Single men wash their bedsheets just 4 times a year, study says


If you’re a single man, you may go to bed with a clear conscience but you rarely sleep on clean sheets. At least that’s according to a new study, which found that single men on average clean their bedsheets only four times a year.

In comparison, single women change their sheets every two weeks.

And while cleanliness numbers surge for married couples, it appears the credit for the median boost for guys primarily belongs to women. In fact, it may be that the men are dragging the women down, as the average washing frequency among couples is once every 2.3 weeks, with women doing 81 percent of the washing.

As “How Stuff Works” points out, the average person spends about a third of his or her entire life in bed. In other words, the old saying, “As you make your bed, so you must lie on it,” may have more meaning than originally intended.

But are these single men literally sleeping in beds of filth? Or are the women perhaps overdoing it a bit? Turns out, it mostly depends on your own standards of cleanliness.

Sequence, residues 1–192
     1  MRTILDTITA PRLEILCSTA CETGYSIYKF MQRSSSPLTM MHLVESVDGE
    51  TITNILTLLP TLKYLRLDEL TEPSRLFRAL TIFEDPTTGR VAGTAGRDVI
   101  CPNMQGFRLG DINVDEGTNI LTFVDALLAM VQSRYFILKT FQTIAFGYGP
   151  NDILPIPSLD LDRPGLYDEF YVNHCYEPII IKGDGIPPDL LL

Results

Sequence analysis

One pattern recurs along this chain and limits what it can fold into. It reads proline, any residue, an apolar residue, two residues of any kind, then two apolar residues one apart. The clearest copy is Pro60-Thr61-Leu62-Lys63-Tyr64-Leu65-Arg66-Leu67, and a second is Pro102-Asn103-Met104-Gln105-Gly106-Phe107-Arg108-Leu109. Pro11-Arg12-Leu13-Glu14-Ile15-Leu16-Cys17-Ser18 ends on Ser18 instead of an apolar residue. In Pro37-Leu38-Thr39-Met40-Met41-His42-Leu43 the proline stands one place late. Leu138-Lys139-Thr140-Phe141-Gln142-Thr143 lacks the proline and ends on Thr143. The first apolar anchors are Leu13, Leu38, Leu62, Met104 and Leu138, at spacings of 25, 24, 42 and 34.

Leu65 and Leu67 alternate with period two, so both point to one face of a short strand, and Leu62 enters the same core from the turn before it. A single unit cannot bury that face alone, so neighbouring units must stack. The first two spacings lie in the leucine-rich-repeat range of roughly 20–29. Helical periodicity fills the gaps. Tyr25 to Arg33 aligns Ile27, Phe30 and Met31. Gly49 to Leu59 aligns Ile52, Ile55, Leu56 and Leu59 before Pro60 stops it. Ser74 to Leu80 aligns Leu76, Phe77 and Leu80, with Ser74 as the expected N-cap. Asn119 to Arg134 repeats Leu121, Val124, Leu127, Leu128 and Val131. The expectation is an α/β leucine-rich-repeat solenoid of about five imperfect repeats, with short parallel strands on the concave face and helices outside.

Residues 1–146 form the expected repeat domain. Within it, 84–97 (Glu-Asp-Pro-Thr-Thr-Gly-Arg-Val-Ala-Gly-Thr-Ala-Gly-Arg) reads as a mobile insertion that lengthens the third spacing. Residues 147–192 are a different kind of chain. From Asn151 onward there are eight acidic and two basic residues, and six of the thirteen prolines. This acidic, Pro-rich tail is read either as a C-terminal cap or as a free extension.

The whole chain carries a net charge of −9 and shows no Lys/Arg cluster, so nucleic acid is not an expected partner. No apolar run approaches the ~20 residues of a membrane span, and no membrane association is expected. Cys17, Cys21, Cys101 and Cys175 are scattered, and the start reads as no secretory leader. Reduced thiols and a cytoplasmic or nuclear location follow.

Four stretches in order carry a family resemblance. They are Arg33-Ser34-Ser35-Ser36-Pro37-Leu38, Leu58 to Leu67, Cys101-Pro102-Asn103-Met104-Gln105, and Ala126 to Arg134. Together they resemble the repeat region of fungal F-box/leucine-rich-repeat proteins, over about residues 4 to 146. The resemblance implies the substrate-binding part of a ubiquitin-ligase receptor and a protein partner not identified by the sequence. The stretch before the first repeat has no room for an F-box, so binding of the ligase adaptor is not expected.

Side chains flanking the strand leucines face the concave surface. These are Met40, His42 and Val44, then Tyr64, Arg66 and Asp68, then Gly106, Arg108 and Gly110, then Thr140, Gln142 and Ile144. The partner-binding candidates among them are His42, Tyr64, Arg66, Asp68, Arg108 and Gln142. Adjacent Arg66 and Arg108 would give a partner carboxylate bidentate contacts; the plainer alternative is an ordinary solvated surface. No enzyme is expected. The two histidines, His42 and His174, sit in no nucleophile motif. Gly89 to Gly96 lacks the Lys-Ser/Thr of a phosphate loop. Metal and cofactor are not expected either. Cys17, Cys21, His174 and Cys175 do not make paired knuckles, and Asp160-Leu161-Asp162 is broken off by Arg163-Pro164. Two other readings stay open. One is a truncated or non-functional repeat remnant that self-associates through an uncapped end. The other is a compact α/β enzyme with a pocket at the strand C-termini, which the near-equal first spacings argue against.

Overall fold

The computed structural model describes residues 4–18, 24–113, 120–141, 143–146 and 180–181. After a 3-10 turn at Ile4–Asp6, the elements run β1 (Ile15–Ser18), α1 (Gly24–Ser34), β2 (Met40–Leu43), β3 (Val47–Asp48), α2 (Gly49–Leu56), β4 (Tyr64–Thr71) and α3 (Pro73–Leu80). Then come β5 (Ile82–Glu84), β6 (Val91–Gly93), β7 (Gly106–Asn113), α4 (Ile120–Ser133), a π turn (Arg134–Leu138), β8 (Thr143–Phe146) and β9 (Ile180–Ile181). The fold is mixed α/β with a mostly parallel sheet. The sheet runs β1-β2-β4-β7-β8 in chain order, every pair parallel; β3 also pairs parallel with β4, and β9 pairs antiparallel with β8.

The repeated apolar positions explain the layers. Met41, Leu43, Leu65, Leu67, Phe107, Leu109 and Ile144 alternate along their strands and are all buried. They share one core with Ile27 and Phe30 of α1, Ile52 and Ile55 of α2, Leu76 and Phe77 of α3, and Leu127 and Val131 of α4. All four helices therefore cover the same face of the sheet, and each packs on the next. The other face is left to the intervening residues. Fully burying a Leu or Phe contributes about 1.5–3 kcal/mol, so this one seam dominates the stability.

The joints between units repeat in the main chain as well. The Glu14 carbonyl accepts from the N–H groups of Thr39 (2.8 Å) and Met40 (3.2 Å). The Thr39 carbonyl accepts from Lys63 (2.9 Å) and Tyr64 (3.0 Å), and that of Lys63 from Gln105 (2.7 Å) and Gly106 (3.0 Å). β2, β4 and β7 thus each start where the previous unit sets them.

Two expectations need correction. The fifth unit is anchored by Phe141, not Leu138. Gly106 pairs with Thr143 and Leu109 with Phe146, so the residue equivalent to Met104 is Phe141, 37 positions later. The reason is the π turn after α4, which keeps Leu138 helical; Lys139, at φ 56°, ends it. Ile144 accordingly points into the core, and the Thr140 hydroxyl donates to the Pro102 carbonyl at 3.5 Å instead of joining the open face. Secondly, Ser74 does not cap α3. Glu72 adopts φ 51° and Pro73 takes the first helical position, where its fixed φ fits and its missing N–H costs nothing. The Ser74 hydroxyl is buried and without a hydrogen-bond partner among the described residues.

For example, Martha Stewart recommends washing the sheets weekly, but notes that it ultimately is an issue of personal preference. The Wall Street Journal also says that weekly washes are the norm but that many go several weeks between cleanings.

For people with asthma or other allergies, clean sheets are more of a priority. That’s because sheets, and mattresses and pillowcases in particular, are excellent at accumulating dust and microorganisms that can disrupt otherwise healthy breathing patterns.

In that case, many experts recommend laying plastic covers on top of mattresses and even pillows in to keep those microorganisms from making a home inside the mattress or pillow padding.

"The conventional idea is that you might exacerbate eczema, hay fever or asthma at night, but all of these ideas are more based on conventional wisdom, not necessarily founded in experience," Euan Tovey, head of the Allergen Research Group at the Woolcock Institute of Medical Research told MSN.

"We've done research that showed that you don't get as much exposure to dust mites in bed as we once thought. Anywhere where there is dust and movement you are going to get exposure –– it's not confined to bed," he added.

According to the survey, people between the ages of 35 and 50 are the most likely to wash their bedsheets each week.

So, as Tovey said, health concerns might not be a major issues for younger sleepers. But it certainly could be an aesthetic one for younger men hoping to forge meaningful romantic relationships.

"Would you want to be invited into a bed of somebody who hadn't washed it for months?" Tovey asked.